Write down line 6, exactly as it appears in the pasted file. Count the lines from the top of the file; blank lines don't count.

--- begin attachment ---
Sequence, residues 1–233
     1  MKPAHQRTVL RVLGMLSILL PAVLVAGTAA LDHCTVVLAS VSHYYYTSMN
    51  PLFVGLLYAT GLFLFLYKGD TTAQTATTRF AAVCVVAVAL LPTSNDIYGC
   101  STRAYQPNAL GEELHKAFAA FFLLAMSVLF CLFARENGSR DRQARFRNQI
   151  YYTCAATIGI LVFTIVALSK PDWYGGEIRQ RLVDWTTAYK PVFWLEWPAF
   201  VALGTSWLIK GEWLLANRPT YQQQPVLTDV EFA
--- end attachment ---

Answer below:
   201  VALGTSWLIK GEWLLANRPT YQQQPVLTDV EFA